It will be unrealistic to disagree with you on this statement:
>Nigeria is not Y2K ready.
The Y2K issue is rather world-wide and not many countries can actually say
that they are 100% ready. Even here in the United States, people are afraid
to travel closer to the time and some workers will be paid 3 times their
hourly wages to work around that time. I was watching the news last Sunday
morning about different countries and the Y2K issue. To make the long story
short, they listed the countries that were rated "worst" with Y2K ready and
Nigeria was not one of those. Are my saying that she is Y2K ready? No, but
I'm saying that she is hoping to get there.
>Whether the Minister likes it or not. Whether they issue such
>ridiculous statements or not. Whether a telefone system to speak of
>exists or not. Whether the power system is erratic if working at all,
>or not. Whether you would want to use their airports in the early
>hours of the morning after or not.
I guess it's not what you say but how you say it. You seem rather
disappointed and somewhat concerned. But this is from your visits to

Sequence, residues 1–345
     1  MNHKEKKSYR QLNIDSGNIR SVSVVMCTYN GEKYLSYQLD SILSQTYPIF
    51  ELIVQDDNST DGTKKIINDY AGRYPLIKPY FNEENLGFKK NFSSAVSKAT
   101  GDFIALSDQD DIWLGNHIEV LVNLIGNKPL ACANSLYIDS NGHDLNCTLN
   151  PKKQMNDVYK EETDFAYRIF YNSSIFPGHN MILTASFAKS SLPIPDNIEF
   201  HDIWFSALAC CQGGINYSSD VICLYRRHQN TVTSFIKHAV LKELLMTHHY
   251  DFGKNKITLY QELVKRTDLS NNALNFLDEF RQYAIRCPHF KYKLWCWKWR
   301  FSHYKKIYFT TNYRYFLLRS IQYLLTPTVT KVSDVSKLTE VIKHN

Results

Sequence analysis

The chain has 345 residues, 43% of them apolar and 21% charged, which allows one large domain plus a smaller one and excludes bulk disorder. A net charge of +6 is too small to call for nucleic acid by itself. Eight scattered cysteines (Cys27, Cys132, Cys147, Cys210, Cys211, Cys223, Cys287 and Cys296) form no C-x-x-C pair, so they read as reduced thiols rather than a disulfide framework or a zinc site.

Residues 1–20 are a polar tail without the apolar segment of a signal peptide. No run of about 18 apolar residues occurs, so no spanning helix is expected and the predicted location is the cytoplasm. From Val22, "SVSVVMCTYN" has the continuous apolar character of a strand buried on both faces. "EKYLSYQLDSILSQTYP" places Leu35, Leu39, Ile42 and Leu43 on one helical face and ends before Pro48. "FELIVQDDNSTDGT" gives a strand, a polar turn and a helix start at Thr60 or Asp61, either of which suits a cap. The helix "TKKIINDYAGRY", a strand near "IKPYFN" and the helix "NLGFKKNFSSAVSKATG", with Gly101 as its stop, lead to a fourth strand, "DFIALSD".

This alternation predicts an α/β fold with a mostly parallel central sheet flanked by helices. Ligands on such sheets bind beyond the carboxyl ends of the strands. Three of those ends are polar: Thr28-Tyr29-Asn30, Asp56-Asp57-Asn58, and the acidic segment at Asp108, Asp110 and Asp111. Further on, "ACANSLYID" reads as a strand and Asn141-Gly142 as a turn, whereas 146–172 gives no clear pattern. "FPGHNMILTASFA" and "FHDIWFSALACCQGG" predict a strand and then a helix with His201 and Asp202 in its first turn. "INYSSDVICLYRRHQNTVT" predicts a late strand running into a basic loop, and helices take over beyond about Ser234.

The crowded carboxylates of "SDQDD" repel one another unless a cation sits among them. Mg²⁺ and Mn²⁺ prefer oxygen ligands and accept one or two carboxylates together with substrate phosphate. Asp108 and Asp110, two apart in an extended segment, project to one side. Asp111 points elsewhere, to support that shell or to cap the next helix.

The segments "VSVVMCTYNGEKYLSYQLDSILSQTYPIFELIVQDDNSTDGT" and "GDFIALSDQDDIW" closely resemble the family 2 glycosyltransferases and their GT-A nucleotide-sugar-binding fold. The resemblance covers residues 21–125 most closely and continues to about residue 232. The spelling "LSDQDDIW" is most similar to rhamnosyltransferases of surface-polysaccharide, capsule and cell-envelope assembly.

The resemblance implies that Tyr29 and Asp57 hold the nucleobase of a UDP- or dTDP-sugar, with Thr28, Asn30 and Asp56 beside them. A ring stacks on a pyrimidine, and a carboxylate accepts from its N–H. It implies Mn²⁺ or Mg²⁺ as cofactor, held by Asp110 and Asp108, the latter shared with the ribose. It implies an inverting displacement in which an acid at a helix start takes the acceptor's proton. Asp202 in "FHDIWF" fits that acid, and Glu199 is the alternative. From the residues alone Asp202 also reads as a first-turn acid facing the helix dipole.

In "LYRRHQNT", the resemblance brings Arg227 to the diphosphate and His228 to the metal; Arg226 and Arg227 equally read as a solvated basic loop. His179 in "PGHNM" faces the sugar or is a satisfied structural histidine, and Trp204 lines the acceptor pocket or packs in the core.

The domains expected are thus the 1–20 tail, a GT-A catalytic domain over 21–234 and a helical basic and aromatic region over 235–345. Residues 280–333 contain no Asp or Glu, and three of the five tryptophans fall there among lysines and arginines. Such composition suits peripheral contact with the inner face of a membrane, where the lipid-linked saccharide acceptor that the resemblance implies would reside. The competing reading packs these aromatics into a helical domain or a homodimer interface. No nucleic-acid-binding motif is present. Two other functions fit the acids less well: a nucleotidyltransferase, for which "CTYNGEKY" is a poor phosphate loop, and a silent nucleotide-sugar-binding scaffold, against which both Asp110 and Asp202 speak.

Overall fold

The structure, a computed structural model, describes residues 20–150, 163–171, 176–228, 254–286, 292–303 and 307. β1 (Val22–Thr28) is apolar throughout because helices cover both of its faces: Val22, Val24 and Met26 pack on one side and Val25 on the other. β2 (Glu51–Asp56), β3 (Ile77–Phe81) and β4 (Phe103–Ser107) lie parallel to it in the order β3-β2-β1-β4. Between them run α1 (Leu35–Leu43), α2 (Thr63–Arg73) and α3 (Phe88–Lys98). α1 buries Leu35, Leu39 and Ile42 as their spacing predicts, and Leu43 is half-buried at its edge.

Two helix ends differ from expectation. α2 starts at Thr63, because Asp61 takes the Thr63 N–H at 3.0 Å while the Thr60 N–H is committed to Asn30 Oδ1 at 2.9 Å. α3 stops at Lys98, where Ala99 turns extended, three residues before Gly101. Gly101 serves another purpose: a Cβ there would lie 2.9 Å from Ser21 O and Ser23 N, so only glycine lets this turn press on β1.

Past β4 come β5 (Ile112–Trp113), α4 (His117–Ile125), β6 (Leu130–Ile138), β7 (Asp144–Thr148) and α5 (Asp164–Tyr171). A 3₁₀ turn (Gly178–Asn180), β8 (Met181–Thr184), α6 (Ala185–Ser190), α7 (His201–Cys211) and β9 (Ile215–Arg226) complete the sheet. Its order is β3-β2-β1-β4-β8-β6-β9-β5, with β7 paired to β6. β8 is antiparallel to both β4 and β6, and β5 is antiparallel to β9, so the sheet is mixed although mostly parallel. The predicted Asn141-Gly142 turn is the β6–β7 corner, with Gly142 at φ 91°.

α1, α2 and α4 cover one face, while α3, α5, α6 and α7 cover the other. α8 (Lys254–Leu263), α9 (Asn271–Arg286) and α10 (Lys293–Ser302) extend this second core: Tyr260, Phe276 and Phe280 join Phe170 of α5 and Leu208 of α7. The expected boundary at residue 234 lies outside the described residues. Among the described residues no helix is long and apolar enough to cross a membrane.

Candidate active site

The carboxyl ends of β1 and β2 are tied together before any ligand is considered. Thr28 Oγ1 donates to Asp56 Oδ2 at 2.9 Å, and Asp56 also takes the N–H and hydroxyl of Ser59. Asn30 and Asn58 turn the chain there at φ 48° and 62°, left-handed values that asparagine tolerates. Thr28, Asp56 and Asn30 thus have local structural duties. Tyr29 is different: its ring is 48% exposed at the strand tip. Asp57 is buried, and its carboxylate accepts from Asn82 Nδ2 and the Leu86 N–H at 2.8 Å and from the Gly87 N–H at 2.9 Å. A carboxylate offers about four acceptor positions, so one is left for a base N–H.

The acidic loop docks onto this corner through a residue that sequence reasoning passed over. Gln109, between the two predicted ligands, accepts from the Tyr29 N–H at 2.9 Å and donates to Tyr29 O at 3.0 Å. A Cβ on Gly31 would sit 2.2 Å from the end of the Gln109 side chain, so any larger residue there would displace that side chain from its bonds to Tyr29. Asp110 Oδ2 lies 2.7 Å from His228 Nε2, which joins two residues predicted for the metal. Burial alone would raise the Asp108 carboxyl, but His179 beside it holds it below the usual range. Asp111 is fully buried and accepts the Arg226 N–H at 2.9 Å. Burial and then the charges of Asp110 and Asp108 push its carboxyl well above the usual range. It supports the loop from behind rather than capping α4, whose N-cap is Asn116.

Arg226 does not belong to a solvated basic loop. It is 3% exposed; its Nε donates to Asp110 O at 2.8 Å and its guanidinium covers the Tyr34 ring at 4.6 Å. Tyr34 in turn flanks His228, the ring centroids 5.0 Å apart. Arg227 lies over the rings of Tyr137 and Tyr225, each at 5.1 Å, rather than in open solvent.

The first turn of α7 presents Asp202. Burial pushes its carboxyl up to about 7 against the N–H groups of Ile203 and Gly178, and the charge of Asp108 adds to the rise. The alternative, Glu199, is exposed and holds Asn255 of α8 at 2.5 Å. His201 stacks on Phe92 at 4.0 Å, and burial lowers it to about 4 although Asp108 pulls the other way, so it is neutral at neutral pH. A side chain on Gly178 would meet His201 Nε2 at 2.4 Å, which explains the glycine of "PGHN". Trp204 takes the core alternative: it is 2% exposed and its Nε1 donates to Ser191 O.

Nigeria. Imagine how people that have to live with this everyday feels.
>Thatīs fact. No measure of hyperventilation is going to make any of
>this go away.
Nigerians are survivors - gifted ones too. We may be down but we'll not
stay down, neither will we be out. We are and will remain hopeful.
>Cliff is totally right is his comments
> > Last year I attended Afrinet '99 in Abuja. There were
> > representatives from numerous African countries, many of which
> > demonstrate significant progress towards using digital
> > communications. It was interesting to hear many of these
> > representatives pleading with and chiding Nigeria. "You have the
> > money. You have the resources. You have the manpower," they were
> > saying. "You should be leading us. Not us leading you!"
> > I agree.
>So do I. In particular Nigeria does have the human resources.
Kelechi Eke, MCP, MCSD
President & CEO
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